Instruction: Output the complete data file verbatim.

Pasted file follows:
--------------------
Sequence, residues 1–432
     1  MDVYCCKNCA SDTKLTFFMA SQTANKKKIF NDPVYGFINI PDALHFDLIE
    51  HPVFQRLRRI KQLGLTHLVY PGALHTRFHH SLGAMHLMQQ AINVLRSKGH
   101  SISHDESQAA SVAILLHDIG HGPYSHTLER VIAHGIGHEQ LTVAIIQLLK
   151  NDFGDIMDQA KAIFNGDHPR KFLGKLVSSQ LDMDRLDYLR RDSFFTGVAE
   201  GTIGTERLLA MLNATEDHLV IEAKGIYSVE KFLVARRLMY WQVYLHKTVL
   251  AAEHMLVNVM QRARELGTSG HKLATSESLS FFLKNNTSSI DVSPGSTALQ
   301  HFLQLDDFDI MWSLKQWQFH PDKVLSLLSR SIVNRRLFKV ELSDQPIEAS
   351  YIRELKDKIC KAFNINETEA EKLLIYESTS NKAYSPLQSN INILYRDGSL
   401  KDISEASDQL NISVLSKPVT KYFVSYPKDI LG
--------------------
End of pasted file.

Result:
Sequence, residues 1–432
     1  MDVYCCKNCA SDTKLTFFMA SQTANKKKIF NDPVYGFINI PDALHFDLIE
    51  HPVFQRLRRI KQLGLTHLVY PGALHTRFHH SLGAMHLMQQ AINVLRSKGH
   101  SISHDESQAA SVAILLHDIG HGPYSHTLER VIAHGIGHEQ LTVAIIQLLK
   151  NDFGDIMDQA KAIFNGDHPR KFLGKLVSSQ LDMDRLDYLR RDSFFTGVAE
   201  GTIGTERLLA MLNATEDHLV IEAKGIYSVE KFLVARRLMY WQVYLHKTVL
   251  AAEHMLVNVM QRARELGTSG HKLATSESLS FFLKNNTSSI DVSPGSTALQ
   301  HFLQLDDFDI MWSLKQWQFH PDKVLSLLSR SIVNRRLFKV ELSDQPIEAS
   351  YIRELKDKIC KAFNINETEA EKLLIYESTS NKAYSPLQSN INILYRDGSL
   401  KDISEASDQL NISVLSKPVT KYFVSYPKDI LG